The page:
Postnatal depression - Caidr
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Postnatal depression

Updated 04.04.2022
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Postnatal depression is also known as postpartum depression. This is a type of depression that happens after having a baby and can affect anyone around the baby, for example, mothers or fathers. Your doctor will ask you about these symptoms at your six-week check but if you want to speak to someone about it earlier, contact your doctor straight away.  It's always important to seek advice from your doctor if you think you may be experiencing postnatal depression. Postnatal depression can get worse over time without any intervention and persist for months, so it’s really important to get the right support early for you and your family.

What are the symptoms?

Postnatal depression is different from baby blues, which is a mild form of postpartum depression that usually lasts just a couple of weeks after giving birth.  The symptoms of postpartum depression are more pronounced but develop slowly over time and can affect any person within the first year of giving birth. It covers a range of different symptoms, feelings, and emotions such as; · A persistent feeling of low mood · Lack of interest in doing things that they would normally have enjoyed  · Difficulty bonding with your baby  · Sleeping too much or too little, eating too much or too little · Reduced energy and feeling more tired than expected after having a baby · Suicidal thoughts or thoughts of harming yourself or your baby

What causes postnatal depression?

The exact cause of postnatal depression is unclear. It can develop without any prior risk factors but there are things that increase the likelihood of it occurring. For example;   · A history of mental health problems (like depression) pre-pregnancy or during pregnancy. · Lack of support, or poor relationships with your partner including domestic abuse.  · Stressful life events, such as a bereavement or significant disease/illness for your or your child.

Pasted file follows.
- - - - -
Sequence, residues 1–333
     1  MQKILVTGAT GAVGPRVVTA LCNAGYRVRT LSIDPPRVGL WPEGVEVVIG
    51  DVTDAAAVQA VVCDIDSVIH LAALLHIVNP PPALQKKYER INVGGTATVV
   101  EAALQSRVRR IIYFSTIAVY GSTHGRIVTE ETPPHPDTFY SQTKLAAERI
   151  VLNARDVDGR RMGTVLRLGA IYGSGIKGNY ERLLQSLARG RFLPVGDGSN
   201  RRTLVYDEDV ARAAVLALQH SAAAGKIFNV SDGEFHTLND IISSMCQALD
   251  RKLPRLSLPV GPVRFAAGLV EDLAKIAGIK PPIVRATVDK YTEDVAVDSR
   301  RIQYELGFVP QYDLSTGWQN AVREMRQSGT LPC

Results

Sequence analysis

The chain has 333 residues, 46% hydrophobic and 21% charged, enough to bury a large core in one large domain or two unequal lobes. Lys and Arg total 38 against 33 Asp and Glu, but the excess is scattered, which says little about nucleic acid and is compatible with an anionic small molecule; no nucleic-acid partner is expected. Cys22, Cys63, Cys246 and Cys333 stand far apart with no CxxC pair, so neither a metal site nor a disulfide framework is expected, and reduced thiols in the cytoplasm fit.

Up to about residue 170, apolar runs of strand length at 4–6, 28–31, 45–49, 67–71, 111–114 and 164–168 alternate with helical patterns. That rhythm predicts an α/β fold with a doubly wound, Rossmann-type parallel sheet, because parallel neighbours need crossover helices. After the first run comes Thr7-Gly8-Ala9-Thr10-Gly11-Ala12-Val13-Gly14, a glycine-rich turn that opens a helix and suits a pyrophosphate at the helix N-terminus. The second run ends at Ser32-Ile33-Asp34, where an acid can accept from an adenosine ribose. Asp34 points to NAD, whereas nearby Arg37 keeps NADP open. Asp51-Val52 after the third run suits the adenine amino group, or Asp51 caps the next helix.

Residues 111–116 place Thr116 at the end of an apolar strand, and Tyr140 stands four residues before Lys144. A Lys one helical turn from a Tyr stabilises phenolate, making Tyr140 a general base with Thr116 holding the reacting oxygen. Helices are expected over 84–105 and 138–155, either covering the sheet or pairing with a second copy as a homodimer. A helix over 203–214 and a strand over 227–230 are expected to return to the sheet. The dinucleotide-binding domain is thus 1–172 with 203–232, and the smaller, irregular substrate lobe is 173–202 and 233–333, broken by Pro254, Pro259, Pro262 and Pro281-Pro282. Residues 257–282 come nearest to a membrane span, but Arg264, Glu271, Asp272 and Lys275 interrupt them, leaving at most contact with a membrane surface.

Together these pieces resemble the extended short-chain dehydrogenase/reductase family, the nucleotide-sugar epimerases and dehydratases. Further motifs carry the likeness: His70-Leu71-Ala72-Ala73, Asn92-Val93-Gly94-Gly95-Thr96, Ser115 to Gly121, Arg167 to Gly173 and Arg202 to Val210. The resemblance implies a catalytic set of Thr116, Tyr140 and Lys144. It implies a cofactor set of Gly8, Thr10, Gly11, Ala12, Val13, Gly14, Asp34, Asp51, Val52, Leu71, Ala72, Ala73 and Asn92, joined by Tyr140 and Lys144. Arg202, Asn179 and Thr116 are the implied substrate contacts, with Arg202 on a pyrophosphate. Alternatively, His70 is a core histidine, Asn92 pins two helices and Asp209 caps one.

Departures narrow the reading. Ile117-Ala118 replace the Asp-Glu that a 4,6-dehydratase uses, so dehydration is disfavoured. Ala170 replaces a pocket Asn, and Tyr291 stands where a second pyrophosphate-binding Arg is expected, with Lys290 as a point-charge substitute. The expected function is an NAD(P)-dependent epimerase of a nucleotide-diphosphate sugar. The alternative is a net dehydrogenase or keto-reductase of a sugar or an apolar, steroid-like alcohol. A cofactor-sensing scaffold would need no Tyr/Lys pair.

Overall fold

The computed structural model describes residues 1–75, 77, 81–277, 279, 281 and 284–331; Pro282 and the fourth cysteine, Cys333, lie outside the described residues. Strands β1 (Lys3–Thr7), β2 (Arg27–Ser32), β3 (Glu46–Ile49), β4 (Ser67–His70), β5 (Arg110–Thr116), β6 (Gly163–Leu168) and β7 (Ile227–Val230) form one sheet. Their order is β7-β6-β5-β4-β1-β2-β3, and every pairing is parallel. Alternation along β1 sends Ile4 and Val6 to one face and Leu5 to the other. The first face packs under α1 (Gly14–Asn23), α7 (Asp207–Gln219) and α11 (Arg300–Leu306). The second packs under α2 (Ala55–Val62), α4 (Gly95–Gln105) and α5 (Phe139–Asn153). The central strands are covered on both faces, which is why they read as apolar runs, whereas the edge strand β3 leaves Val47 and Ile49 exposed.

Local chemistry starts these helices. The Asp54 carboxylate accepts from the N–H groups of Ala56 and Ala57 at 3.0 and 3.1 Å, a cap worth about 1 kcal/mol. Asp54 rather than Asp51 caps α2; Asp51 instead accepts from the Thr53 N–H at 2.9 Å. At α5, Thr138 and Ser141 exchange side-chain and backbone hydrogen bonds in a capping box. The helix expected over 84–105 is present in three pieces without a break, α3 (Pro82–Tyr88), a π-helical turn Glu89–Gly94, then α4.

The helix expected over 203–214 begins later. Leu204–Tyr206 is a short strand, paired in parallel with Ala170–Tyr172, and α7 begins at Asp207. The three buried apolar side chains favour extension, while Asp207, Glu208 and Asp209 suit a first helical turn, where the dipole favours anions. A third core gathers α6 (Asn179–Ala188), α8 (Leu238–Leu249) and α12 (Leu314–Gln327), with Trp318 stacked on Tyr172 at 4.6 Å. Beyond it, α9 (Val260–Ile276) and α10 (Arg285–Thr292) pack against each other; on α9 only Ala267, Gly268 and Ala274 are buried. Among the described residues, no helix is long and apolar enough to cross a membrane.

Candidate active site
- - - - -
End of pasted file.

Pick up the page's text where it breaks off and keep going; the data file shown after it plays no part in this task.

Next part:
What will my doctor do?

Your doctor will screen your level of postpartum depression and decide on the appropriate treatment to help you.  They may point you in the direction of self-help treatments available. This can range from important lifestyle changes such as exercising regularly, sleeping as often as possible including when your baby sleeps and eating well-balanced nutritious meals. There are also national organisations available that can provide more support and put you in touch with other people who have been in similar situations to encourage you.  Your doctor may refer you to a local psychological organisation for therapy, such as CBT (Cognitive Behavioural Therapy). If your symptoms are more severe, your doctor may recommend you start on antidepressants. If you are breastfeeding, it is important to let your doctor know. 

What if I feel unsafe?

If you or your baby are in immediate danger, or you are feeling suicidal, you can present to your local emergency department as a place of safety. If your doctor is open, your doctor may discuss referring you to a specialist mother and baby unit for prompt review and support.  

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